As 2016 came to a close, everyone was ready to start fresh in 2017. However, 2017 did not seem fresh and clean, instead it was a fresh start to a new brand of turmoil and vocal defiance. Violence and unrest was at the forefront for most of 2017. Trump continued his unique, antagonistic version of political and social interaction. Hurricane Harvey ravaged Houston and hurricanes Irma and Maria decimated Florida and Puerto Rico. The United States, and specifically the film industry and political figures, saw a gender revolution in terms of women speaking out about sexual assault. On a personal level, I saw the birth of my son, which created a shining and distracting light through the turbulence of the year. It also limited my movie watching time, and so I am a little behind on films this year.
The short answer for the question, “What is the first movie?”, depends on your definition of a movie. Are you looking for the earliest projected image? Then the answer would be images that were projected through Magic Lanterns, a centuries old device comprised of a light source and glass. The first projection using film would be the 1887 film Man Walking Around the Corner by Le Prince. The first commercial release of motion capture would be seconds long short films designed for the Zoetrope. The first feature film was The Corbett-Fitzsimmons Fight in 1897 at over an hour long. The first motion picture that had a story arc is considered to be The Story of the Kelly Gang, a 1906 Australian film with a run time of 60 minutes that played in several countries. What can be pinpointed as the “first movie” is subjective and up for individual interpretation.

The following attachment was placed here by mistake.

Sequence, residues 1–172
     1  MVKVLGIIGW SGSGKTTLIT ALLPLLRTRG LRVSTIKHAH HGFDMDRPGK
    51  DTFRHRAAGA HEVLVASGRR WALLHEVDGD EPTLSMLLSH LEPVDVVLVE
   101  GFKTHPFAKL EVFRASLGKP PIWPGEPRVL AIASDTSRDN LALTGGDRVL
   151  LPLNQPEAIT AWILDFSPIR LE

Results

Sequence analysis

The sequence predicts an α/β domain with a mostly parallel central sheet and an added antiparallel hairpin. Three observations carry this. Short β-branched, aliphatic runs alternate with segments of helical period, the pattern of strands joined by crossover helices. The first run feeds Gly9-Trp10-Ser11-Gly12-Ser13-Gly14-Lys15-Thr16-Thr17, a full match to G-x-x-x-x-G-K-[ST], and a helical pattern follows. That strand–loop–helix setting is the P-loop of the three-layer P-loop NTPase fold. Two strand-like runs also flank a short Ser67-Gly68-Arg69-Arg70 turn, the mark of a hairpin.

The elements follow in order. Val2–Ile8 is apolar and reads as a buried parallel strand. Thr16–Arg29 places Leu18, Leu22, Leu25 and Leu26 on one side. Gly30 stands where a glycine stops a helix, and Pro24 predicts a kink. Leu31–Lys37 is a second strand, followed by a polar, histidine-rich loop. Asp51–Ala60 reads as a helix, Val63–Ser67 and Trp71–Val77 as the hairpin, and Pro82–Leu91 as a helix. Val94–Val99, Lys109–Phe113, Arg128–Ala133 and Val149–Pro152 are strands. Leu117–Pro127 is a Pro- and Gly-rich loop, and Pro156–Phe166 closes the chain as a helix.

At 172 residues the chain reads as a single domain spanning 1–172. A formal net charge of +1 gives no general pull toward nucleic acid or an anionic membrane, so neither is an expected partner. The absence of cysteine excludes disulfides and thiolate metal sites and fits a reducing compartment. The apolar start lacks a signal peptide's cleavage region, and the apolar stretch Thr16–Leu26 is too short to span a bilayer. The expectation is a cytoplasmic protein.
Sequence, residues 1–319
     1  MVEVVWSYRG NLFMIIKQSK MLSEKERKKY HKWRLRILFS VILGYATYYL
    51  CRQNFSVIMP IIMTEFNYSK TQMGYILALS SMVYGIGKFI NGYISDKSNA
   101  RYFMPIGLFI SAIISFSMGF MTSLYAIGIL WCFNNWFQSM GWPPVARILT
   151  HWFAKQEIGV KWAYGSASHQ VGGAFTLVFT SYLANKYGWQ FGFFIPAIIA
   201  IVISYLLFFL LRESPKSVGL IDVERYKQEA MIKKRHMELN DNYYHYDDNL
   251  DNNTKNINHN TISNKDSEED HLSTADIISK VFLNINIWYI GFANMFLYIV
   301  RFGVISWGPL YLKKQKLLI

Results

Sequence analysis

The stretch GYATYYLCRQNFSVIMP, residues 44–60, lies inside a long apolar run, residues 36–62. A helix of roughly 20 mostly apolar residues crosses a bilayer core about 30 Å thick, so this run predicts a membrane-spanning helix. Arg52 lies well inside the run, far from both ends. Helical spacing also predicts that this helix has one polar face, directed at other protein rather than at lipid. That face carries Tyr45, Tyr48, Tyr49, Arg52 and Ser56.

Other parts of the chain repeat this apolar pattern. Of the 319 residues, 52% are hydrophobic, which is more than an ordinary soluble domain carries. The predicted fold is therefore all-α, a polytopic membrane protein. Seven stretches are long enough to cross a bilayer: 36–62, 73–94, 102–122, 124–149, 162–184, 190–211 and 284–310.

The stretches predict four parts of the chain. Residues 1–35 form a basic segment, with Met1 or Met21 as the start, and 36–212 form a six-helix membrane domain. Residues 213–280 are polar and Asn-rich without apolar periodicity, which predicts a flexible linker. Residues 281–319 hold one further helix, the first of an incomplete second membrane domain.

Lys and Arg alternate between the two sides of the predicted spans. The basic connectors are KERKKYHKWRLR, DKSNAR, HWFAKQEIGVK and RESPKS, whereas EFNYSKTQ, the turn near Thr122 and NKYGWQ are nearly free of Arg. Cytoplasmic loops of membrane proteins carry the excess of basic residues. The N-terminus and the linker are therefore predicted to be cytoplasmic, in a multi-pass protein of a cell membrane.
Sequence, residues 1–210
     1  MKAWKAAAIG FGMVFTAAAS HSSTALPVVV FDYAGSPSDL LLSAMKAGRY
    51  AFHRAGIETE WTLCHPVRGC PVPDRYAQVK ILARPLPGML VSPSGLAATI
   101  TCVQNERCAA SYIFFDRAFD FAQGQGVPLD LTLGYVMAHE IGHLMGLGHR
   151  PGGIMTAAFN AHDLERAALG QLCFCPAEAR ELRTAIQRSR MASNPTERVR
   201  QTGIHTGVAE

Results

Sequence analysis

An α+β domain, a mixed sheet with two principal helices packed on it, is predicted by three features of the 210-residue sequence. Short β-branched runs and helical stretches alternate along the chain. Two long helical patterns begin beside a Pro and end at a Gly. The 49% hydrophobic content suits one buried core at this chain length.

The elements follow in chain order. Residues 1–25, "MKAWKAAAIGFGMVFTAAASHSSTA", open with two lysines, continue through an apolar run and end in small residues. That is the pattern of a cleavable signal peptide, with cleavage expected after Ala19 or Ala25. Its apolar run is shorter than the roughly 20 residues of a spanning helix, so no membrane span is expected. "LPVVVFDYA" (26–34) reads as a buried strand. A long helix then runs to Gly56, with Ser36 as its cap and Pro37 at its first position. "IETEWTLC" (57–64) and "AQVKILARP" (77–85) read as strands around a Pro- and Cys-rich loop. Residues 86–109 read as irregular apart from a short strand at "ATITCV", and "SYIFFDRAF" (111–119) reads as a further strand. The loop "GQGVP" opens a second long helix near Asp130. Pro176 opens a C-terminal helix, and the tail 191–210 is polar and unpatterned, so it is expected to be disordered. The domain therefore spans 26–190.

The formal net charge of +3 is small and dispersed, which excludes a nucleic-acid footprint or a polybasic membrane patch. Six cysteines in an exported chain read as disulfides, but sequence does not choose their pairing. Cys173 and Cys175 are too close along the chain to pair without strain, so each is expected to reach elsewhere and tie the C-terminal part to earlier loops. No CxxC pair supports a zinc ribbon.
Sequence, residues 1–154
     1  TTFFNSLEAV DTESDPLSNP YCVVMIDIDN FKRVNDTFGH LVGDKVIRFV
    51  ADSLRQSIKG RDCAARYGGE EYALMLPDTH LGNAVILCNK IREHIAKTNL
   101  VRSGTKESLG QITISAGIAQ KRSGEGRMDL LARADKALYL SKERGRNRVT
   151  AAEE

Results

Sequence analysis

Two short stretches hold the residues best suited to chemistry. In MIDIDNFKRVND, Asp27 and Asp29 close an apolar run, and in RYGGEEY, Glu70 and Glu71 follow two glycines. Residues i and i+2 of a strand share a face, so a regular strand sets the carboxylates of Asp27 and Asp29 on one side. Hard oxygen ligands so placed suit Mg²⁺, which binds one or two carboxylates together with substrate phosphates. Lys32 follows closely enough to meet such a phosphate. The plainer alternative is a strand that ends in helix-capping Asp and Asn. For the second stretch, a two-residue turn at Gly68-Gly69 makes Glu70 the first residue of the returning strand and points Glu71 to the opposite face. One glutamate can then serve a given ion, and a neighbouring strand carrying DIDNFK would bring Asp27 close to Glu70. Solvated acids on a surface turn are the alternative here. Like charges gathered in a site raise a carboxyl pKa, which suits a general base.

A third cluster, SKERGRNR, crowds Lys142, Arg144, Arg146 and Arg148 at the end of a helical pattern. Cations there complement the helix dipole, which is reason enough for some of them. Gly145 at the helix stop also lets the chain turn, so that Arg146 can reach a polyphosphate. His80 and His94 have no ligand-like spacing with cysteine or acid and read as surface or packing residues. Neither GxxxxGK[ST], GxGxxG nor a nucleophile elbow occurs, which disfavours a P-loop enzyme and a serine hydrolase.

The year 2016 was a dramatic and transitional year in the States; marked by numerous shootings in America and acts of extreme violence world wide. The deaths of many influential people who helped transform the 20th century was more impactful in 2016 than previous years. Some notable deaths include: Alan Rickman, David Bowie, Harper Lee, Garry Shandling, George Martin, Prince, Gordie Howe, Muhammad Ali, Garry Marshall, Gene Wilder, Arnold Palmer, Fidel Castro, Carrie Fisher, and Debbie Reynolds. The political landscape saw some major shifts, including the inauguration of Donald Trump, Brexit, the impeachment of the Presidents of Brazil and South Korea, major turmoil and civil war in Aleppo, Syria. That is not to say the year was all bad: scientific breakthroughs such as the detection of gravitational waves 100 years after Albert Einstein’s prediction, the Cubs winning the World Series, and a decrease in the unemployment rate provided positive relief from the tragic aspects of the year. All in all, there did seem to be an overwhelming desire to “start fresh” in 2017.
Many of the films last year encapsulated the struggles of 2016 in powerful and engaging ways, others succeeded in distracting people from the real world. Racial tensions were highly publicized throughout the year in local and national news. This ever-present and compelling issue found its way into many commercial and less-commercial motion picture vehicles. Many films conveyed impactful and engaging messages that reached a wide audience.